Inside these posts: Pensions

Visit our Filed page for categories. To browse by specific topic, see our Inside page. For a list of companies covered on this site, visit our Companies page.


Boeing wants higher ranking claim in aircraft case

Citing unfulfilled promises from Alabama Aircraft Industries Inc. to finish up work on four military jets, Boeing Co. is asking a Delaware bankruptcy judge for some financial reassurance, requesting that the court put its $8 million claim against the Birmingham aircraft maintenance company ahead of other major creditors. Get the full story »

Illinois pension crisis eludes easy solutions

Lawmakers in Illinois say they may try to fix the state’s ailing pension system by asking current workers to pay more into the plan, though the approach faces substantial legal and political obstacles.

The lawmakers are also entertaining the politically difficult idea of applying broader pension changes made this year for newly hired employees to current workers. Those include raising the retirement age and scaling back on annual cost-of-living raises.

Whatever approach is embraced, it remains unclear whether such strategies would fix the Illinois system, which is 45 percent funded. That makes it the most under-funded state plan in the U.S., according to Moody’s Investor’s Service. Get the full story »

Illinois to sell pension bonds Tuesday, Wednesday

From Bond Buyer | Illinois plans to sell $3.7 billion of taxable general obligation bonds Tuesday and Wednesday, the state said Friday morning.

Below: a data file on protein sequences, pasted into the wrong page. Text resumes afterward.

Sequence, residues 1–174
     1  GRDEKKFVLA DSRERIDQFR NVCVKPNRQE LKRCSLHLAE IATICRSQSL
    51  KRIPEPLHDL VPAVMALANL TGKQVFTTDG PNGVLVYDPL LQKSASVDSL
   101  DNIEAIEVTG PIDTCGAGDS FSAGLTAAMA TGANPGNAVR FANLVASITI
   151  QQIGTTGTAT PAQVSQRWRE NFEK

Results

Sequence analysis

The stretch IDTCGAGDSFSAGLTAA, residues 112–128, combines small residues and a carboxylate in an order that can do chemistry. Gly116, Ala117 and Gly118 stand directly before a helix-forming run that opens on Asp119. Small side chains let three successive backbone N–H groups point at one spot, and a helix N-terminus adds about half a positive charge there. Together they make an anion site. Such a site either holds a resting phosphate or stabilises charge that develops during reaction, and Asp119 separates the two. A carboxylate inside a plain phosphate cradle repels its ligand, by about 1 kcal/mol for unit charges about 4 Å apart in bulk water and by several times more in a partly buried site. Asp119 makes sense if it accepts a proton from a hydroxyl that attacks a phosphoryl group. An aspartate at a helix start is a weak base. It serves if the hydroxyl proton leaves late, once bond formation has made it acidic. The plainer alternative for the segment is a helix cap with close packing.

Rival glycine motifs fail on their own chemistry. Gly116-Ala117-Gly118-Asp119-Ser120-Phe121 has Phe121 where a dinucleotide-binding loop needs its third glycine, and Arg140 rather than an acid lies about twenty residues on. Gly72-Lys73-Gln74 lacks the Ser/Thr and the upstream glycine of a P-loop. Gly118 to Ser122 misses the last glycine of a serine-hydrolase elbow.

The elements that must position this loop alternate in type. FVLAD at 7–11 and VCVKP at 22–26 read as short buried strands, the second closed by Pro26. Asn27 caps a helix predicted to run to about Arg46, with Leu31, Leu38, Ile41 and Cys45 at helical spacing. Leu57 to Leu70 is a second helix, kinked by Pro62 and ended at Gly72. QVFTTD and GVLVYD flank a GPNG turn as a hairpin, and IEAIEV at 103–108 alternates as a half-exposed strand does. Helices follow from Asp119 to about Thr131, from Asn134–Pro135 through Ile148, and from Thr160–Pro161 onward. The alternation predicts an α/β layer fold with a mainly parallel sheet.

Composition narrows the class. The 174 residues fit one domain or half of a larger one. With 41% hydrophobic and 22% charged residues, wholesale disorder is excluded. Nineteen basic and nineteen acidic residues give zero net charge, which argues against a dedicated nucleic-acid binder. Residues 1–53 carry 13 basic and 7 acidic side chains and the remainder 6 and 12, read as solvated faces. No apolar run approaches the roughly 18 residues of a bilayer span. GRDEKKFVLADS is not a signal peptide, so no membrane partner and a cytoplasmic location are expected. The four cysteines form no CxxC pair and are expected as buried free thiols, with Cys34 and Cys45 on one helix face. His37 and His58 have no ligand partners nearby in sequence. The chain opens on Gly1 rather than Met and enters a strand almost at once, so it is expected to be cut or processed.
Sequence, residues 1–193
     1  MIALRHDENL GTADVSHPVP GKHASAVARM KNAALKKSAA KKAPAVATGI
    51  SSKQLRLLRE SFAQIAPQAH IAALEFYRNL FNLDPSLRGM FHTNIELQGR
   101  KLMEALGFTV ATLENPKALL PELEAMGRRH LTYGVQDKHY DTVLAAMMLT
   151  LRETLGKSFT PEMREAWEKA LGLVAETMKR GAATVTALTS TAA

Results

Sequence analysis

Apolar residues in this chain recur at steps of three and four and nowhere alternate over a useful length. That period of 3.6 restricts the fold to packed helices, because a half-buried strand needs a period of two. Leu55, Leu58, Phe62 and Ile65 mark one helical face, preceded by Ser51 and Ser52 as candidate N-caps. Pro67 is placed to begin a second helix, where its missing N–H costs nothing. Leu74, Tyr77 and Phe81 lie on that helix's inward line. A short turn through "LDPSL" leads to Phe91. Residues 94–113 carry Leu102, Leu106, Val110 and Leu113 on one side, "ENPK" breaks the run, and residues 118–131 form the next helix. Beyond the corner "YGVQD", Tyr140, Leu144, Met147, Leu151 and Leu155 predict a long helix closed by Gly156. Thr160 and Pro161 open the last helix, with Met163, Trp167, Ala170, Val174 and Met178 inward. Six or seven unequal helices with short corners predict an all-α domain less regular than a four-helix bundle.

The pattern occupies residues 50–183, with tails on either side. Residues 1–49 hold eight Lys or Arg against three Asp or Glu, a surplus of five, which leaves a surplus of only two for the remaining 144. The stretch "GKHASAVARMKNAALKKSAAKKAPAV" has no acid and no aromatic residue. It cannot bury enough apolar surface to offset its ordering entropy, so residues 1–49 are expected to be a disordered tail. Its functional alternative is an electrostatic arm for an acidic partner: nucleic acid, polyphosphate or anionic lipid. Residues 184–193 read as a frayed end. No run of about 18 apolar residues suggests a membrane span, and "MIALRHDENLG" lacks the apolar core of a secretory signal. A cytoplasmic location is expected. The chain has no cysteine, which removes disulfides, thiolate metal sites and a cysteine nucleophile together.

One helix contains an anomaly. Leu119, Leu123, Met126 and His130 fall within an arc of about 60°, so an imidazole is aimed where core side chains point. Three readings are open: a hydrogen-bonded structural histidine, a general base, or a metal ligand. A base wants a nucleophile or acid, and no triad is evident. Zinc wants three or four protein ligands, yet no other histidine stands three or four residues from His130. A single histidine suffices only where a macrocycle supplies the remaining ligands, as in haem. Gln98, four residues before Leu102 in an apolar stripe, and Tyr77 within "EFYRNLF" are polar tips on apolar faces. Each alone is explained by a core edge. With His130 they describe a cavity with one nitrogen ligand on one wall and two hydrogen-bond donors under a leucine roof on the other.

Illinois bonds, budget in muni market spotlight

Illinois’ lingering fiscal problems will be center stage in the U.S. municipal bond market next week as the state sells $3.7 billion of bonds and as its governor unveils a budget plan for the upcoming fiscal year. Get the full story »

Exelon CEO’s pay rises 14%

Exelon CEO John Rowe saw his total compensation for 2010 rise 14 percent to $7.2 million, according to documents filed today with the Securities and Exchange Commission, an increase largely tied to a change in the theoretical value of his pension.

Rowe had the opportunity to earn stock performance awards worth $1.1 million — compensation that is directly tied to the performance of Exelon stock. But the company’s shares performed in the negative direction in 2010 and Rowe received no equity for performance.

At the same time, stock options worth $1.15 million were underwater at the end of 2010. Get the full story »

Daley unveils pension proposal for firefighters, cops

Mayor Richard Daley’s administration unveiled a plan Friday for police and fire pension reform that would increase employee contributions as part of a package it hopes would save Chicago property taxpayers $240 million per year compared to a bill Gov. Pat Quinn signed into law earlier this month.

Atwood: Pension bill should pass to keep funding through 2011

From Bloomberg TV | The executive director of the Illinois State Board of Investments, which manages about one-fifth of Illinois’ pension funds, told Bloomberg TV on Monday that Illinois will have to figure out how to fund pensions in 2012, and also discussed the possibility that Illinois lawmakers may approve a plan to sell $3.7 billion of bonds to fund the state’s pension contributions.